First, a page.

Veterinary Medical Center, College of Veterinary Medicine, Chungbuk National University, Cheongju, Chungbuk, South Korea
To report a rare case of replantation of traumatically amputated penis in a dog and experimentally to elucidate the importance of the anastomosis of the dorsal veins of the penis by performing cavernosography.
Materials & Methods
A 2-year-old, mixed-breed hunting dog was presented with the history of penile amputation and laceration of femoral and inguinal area during wild boar hunting. Replantation of the penis was done by performing anastomoses of the urethra, cavernous body, and the left and right dorsal veins of the penis. The other injuries were treated with the routine surgical treatment. To identifying the dorsal veins of the penis, as the main venous drainage vessels from the bulbus gladis, experimental cavernosograms were done on 3 beagle dogs.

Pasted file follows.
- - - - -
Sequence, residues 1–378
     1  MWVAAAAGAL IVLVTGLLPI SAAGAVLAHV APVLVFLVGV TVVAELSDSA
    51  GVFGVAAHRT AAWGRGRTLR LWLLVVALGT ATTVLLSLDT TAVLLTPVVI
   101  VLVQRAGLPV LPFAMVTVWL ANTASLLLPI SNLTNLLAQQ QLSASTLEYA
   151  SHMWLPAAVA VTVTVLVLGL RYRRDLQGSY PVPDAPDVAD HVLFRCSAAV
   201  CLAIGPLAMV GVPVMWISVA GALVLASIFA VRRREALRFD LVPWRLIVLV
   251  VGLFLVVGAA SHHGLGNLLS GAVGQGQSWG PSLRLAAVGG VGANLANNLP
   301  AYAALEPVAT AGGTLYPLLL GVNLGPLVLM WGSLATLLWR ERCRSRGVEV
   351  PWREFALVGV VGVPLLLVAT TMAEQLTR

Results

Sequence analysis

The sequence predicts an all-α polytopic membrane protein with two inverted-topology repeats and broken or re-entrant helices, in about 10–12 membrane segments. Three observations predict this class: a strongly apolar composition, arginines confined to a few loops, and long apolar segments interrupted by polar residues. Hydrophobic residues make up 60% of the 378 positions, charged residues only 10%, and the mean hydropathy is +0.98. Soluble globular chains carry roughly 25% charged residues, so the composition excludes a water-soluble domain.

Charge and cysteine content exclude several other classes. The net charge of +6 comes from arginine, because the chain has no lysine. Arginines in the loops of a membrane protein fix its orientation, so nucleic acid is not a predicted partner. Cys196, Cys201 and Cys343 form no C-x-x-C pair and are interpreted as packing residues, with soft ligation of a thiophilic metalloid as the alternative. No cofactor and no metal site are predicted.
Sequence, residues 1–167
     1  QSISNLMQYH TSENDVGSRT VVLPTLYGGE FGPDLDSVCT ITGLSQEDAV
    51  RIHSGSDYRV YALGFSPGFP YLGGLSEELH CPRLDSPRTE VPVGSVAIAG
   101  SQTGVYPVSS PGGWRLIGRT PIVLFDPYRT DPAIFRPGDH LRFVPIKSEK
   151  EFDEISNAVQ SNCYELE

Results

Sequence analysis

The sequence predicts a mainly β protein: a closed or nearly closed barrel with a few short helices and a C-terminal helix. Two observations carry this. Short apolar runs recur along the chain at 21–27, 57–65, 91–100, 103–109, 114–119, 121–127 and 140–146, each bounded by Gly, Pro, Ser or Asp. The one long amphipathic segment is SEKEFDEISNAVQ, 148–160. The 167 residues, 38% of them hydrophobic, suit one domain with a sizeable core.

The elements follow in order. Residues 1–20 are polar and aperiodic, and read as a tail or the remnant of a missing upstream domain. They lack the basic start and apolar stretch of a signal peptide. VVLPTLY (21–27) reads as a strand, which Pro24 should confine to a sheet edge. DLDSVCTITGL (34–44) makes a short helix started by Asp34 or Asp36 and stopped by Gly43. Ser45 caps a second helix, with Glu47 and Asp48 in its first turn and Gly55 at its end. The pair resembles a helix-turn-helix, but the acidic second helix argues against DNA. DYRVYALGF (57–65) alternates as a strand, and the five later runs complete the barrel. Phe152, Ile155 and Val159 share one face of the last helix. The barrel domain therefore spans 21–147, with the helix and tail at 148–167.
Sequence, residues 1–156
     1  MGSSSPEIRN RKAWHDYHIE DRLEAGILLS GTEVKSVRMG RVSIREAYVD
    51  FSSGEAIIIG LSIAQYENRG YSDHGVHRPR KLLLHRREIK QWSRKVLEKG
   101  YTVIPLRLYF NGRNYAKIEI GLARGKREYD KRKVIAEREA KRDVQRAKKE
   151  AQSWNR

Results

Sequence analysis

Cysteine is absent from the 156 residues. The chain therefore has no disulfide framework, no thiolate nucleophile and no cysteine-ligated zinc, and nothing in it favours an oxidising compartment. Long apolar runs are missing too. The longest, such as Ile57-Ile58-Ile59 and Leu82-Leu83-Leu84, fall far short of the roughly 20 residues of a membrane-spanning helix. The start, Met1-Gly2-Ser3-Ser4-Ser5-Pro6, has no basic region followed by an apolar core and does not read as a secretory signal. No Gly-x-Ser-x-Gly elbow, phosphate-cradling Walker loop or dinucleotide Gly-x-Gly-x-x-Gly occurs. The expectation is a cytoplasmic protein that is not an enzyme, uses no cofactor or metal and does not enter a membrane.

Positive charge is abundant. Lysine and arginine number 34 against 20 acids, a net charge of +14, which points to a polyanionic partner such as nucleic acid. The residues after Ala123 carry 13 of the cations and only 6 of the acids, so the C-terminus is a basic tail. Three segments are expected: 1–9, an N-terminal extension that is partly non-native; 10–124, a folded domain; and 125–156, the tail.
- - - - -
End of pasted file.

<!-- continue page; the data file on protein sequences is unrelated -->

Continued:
Results & Discussion
The continuity of the transected penis was recovered anatomically and functionally. Postoperatively, there were no evidences of necrosis and edema at the distal portion of the penis. In addition to, no fistulas and stenosis were found on urethrogram 20 days after the surgery.
On the experimentally performed cavernosograms, the contrast media (iohexol) which was injected into the bulbus glandis drained by the left and right dorsal veins of the penis, then converged into one vessel at the ischial arch and diverged into the left and right internal pudendal veins.
The reanastomosis of the left and right dorsal veins of the penis in transected canine penis is important factor to improve the postoperative prognosis.